The TEAMS trial has been developed from years of research studies, clinical practice, and talking to people with bipolar disorder. Follow the links below to find out more about bipolar disorder and cognitive behaviour therapy (CBT).
HOW TEAMS DEVELOPED
Traditionally, CBT for bipolar disorder has helped people to identify the signs of a mood episode and employ coping strategies to manage these signs to reduce the chance of a mood relapse. CBT is typically provided alongside medication. CBT has successfully reduced relapses; however there is a consensus that the effects are quite modest, leaving many people with problems unresolved.
Over the past few years, our research group has been involved in developing and testing a new cognitive model of bipolar disorder to guide our CBT. It is a unique model because it specifically tries to understand problematic swings in mood. It brings together information from patients with bipolar disorder from interviews and clinical practice, and integrates earlier theories about bipolar disorder within psychology.
Central to our model is the view that people have extreme and conflicting (both positive and negative) beliefs about their moods and energy levels which come from earlier experiences. This means that they are in ‘two minds’ about their moods. For example, someone with bipolar disorder may believe that “I need to be extremely active to solve all my problems and overcome my depression” which may lead them to do many things to drive their mood upwards such as being active all the time so that they sleep very little. Yet the same person may also believe that “When I am very active I make a fool of myself and get criticised” and so they then try to suppress their mood and its effects to avoid being rejected by other people for example through social withdrawal or overmedication.
Our therapy helps people to challenge how much these extreme beliefs apply to them, and see their moods as normal reactions that they can accept, tolerate and manage rather than to continue to strive hard to enhance or avoid them. Instead of putting all their efforts into the meanings of their mood, we help people to see their longer term goals in life and the balanced place that moods have in achieving them. TEAMS focuses on present problems and life goals rather than focusing on relapse prevention. The name of our CBT reflects our focus – TEAMS ñ standing for Think Effectively About Mood Swings.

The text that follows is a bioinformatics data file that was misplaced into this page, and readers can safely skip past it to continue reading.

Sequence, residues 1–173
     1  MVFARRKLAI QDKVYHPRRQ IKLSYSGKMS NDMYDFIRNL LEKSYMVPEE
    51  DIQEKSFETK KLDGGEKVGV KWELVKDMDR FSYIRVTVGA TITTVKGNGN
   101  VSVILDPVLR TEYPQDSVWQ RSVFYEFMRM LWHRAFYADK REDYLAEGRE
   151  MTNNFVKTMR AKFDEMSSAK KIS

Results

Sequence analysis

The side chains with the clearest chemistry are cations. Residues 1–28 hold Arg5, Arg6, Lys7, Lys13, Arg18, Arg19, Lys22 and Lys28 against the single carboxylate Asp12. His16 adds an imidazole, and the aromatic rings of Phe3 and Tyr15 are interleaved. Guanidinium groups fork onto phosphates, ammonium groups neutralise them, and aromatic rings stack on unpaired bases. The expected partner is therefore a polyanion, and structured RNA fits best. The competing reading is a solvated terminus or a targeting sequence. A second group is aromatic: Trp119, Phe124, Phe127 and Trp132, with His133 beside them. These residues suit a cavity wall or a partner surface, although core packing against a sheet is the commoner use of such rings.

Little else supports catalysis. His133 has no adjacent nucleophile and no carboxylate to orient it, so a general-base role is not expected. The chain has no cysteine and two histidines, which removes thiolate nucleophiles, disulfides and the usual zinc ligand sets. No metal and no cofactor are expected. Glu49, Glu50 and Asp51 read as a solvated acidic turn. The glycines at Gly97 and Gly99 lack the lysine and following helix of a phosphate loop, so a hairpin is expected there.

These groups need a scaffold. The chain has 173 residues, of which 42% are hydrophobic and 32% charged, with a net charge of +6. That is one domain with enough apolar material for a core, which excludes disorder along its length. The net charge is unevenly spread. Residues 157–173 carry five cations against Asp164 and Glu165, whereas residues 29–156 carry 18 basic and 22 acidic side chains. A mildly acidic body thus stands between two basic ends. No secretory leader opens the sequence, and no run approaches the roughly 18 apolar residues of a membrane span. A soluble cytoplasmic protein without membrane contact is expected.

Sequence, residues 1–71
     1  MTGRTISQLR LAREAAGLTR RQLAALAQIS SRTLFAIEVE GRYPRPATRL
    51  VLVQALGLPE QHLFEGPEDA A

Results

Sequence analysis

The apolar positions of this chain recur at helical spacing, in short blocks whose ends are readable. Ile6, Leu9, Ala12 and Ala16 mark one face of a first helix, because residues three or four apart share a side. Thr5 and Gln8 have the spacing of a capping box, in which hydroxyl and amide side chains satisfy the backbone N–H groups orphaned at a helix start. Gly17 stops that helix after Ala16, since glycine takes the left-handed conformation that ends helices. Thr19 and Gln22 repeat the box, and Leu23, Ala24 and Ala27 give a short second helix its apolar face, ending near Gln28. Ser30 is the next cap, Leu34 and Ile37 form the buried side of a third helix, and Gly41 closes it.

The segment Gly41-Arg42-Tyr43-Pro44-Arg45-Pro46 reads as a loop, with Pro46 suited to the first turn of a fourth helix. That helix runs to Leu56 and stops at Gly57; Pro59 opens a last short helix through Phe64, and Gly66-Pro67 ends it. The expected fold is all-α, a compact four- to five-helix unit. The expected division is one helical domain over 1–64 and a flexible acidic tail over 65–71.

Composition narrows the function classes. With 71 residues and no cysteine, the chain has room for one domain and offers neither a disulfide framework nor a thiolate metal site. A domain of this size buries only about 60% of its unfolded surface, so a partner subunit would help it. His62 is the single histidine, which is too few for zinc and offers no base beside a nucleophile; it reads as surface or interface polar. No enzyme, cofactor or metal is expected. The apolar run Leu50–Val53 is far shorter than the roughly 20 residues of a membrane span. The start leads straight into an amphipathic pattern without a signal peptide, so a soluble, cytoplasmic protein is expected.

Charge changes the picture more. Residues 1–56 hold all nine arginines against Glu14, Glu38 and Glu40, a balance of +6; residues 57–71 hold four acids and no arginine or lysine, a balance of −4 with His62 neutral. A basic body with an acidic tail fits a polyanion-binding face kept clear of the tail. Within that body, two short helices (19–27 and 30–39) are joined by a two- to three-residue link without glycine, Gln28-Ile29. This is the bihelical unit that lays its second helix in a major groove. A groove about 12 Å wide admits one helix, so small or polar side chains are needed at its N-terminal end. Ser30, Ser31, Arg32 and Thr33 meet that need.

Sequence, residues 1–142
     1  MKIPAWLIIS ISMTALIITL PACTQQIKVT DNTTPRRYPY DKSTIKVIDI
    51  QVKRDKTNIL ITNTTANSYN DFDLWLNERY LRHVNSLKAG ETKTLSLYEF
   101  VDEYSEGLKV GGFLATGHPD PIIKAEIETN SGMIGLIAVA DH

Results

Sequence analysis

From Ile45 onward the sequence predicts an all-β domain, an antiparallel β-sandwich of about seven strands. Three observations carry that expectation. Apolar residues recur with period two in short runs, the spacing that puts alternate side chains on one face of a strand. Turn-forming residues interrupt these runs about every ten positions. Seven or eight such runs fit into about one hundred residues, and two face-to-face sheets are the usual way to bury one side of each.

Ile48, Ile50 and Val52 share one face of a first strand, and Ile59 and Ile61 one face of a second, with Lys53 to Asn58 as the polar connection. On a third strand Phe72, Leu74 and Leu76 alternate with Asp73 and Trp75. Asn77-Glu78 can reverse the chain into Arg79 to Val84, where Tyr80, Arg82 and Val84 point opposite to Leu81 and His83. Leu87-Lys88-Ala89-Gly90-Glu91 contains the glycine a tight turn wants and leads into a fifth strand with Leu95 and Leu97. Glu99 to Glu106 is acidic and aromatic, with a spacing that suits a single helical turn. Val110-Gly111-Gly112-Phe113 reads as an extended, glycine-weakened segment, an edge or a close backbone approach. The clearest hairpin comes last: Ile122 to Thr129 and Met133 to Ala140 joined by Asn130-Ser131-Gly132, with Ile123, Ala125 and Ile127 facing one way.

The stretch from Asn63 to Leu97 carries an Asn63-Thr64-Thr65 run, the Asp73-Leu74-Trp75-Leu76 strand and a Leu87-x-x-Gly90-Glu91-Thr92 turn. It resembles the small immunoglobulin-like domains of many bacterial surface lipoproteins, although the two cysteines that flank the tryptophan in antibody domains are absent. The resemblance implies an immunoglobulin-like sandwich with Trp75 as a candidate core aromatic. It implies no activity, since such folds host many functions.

We have now published over 20 academic papers testing, and generally supporting the model, so we are quite confident that it is valid. Although our work is very promising, we need to carry out further research to show that the techniques based on our model are the reason why we find improvements, and that they can last longer. Therefore, we are running a controlled trial to compare TEAMS with the usual treatment in services to see if it has significantly better outcomes, and we will be testing whether the active ingredients of our therapy are what make it effective. We are working with a patron of MDF: The Bipolar Organisation to design the study and we will also be interviewing the people who receive the therapy to get feedback on what helps and where it could be improved. In three years time, we should find out the results of our work.
At present, bipolar disorder is seen as a severe, lifelong illness. Although this may unfortunately be the case for many people with the diagnosis, our research has shown that some people can manage their moods in ways which lets them get on with a relatively normal life. Our research challenges the view that bipolar disorder is considered untreatable by talking therapy. This scientific evidence coming directly from service users themselves builds hope for others and confirms that CBT, and related talking therapies, have a valid and increasingly important role in services and in the community. Our team recognises that this theme chimes with the mission of the Charlie Waller Institute and its supporters.
Click this link to find out more about How to get involved with TEAMS.